Higher sovereign yields everywhere on Friday post-US payrolls and which accounted for the bulk of the movement over the whole week but with little movement in the US 2/10s curve (0.3bps flatter on Friday but 0.3bps steeper on the week). US 2-year notes ended 7bps higher on Friday and are .7bpd up on the week to 2.703% and 10s were up 6.7bps on Friday and 8bp on the week to 2.94%
Fed speakers on Friday included Cleveland President Loretta Mester who said a solid August jobs report and growing momentum in the U.S. economy underlined her support for continued gradual interest-rate increases this year. “Today’s report is a strong one,” Mester said Friday in an interview on the sidelines of a conference in Boston. “This gradual path we’re on, I’ve been a supporter of that and I continue to be a supporter of that” “We still have an accommodative monetary policy,” she said. “In that environment we should moving toward neutral.”
Dallas President Robert Kaplan says the Fed should move toward neutral interest rates, and while they probably won’t invert the yield curve in the process, he’ll be keeping an eye on it. “I don’t have to make that judgement yet,” because it “won’t be until spring or middle of year 2019 before we could reach it”.
And finally Boston Fed President Rosengren noted “if things work out well for the economy, and that’s what I expect and hope, then we’ll be in a situation where we need to have somewhat restrictive policy over time.”
Very mixed performance in commodities Friday, amongst the base metals in particular, with no particular theme evident across the whole commodity complex: On the week, iron ore and steel-making coal that have both risen by some 3% while precious metals and exchange traded industrial metals are all lower, as is oil.
US August non-farm payrolls 201k (190kE). July revised to 147k from 157k, June to 208k from 248k (so net two month revision of -50k).
US unemployment rate unchanged at 3.9% (3.8%E); participation rate -0.2% to 62.7%
US Average Hourly Earnings +0.4% (0.2%E, 0.3%P); yr/yr 2.9% (2.7%E, 2.7%P)
China August FX reserves -$8.23bn to $3,109,72bn. Given a small negative valuation effect in August from (roughly 1%) US appreciation, this suggests little or no net spot market intervention, though the PBoC is believed to have intervened in forward markets in the last couple of months, which would not as yet be showing up in reported FX reserves.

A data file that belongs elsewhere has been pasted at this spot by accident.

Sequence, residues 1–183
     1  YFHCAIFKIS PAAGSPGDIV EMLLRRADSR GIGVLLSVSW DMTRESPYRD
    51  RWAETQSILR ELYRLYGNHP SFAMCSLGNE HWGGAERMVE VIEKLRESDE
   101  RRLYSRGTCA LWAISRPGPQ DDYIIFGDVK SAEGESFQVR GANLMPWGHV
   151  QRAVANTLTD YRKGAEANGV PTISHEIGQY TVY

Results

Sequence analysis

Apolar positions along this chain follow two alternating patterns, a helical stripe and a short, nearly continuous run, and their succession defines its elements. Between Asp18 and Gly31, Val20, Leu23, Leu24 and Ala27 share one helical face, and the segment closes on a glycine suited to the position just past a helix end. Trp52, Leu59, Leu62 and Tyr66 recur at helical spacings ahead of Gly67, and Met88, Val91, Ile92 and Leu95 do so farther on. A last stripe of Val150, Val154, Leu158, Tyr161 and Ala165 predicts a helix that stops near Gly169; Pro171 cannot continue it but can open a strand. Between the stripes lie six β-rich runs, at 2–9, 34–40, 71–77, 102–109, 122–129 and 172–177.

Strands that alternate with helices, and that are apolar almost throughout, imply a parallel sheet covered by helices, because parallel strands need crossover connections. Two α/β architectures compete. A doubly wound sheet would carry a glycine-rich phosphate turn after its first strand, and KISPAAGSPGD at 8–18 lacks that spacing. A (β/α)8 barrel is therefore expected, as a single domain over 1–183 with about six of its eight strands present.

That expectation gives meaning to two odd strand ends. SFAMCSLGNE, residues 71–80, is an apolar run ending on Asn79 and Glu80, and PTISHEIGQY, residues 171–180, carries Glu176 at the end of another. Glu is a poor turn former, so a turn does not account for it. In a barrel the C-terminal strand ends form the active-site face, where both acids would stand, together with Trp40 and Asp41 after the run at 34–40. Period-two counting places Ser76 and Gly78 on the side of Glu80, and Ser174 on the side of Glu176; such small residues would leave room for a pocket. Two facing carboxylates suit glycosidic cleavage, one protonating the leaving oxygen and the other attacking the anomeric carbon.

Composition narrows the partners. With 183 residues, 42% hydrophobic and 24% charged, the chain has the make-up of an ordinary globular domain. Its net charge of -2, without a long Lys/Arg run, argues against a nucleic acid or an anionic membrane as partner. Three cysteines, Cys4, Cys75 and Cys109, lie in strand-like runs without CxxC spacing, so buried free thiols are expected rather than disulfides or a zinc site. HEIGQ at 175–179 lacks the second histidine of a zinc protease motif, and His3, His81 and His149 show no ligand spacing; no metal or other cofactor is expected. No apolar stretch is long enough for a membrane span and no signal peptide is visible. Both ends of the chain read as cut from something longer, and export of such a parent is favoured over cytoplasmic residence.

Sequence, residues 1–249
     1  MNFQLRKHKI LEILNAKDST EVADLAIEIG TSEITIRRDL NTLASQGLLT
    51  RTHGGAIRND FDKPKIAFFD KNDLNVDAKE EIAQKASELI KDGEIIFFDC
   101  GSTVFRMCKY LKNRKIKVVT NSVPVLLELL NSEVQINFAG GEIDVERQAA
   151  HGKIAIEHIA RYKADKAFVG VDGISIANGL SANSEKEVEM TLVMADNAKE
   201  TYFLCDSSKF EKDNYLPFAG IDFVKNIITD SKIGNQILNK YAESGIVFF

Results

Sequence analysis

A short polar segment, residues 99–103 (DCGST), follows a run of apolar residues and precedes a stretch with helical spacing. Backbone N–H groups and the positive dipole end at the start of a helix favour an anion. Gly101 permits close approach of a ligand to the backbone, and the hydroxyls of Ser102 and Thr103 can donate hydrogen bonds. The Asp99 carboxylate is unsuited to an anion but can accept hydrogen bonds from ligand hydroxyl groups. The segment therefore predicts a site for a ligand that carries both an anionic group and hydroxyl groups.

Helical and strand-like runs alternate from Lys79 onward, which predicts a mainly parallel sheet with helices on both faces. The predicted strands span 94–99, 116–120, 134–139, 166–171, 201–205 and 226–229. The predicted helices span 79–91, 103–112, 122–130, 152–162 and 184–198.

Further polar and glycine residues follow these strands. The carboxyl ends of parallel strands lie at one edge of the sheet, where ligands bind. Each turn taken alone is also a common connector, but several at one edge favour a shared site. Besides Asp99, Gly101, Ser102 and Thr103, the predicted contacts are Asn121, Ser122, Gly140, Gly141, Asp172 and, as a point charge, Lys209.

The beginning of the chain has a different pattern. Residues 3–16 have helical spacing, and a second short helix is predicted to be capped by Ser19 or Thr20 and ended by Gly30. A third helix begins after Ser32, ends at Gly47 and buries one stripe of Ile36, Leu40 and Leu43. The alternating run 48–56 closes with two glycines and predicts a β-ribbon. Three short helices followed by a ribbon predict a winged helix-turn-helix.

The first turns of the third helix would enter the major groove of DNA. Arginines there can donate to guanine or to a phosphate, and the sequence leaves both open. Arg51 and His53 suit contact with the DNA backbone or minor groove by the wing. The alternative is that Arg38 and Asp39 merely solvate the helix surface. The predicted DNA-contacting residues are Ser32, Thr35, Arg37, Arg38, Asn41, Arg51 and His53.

China August trade balance $27.91bn (31.0bn E)
China August exports ($ terms) 9.8% y/y (10.0%E, 12.2%P)
China August imports ($ terms) 20.0% y/y (17.7%E, 27.3%P)
China-US bilateral surplus $31.05bn – new record
Canada August employment -51.6k (5kE, 54.1kP). Full/part time split 40.4/-92.0k
Canada Unemployment 6.0% (5.9%E, 5.8%P)
Canada hourly earnings 2.6% down from 3.0% and 3.0% expected
Canada Ivey PMI 61.9 from 61.8
Eurozone Q2 final GDP 0.4% (unchanged as expected) but yr/yr revised to 2.1% from 2.2%
Germany July industrial production -1.1%m/m (+0.2%E, -0.7%P revised from -0.9%)
Germany July trade balance EUR16.5bn (19.5bn E, 21.8bn P)
EZ Q2 GDP unrevised at 0.5% q/q, 2.3% y/y.
CoreLogic reported a preliminary all capital cities weekend auction clearance rate of 59.1% versus last weekend’s preliminary 57.9% and final 55.0%. Melbourne preliminary 62.4% up from last weekend’s preliminary 58.6% and final 54.0% and Sydney 57.8% versus last weekend’s preliminary 59.1% and final 53.8%. Auction volumes were 1,907, up on last weekend but the same as two weekends ago.
Plenty to look forward to this week, besides trade tariff news likely remaining front and centre of market psyche. Internationally, NAFTA discussions with Canada are ongoing, we get the latest slug of China activity readings (Friday) the ECB (and of lesser interest BoE) meet and the US has latest CPI and retail sales reads.
Locally, it’s the NAB business survey tomorrow, Westpac consumer confidence Wednesday and August labour force data on Thursday.
Today, we get revised Japan GDP, China CPI and PPI, UK industrial production and monthly GDP and the Fed’s Raphael Bostic speaking on the Economic Outlook.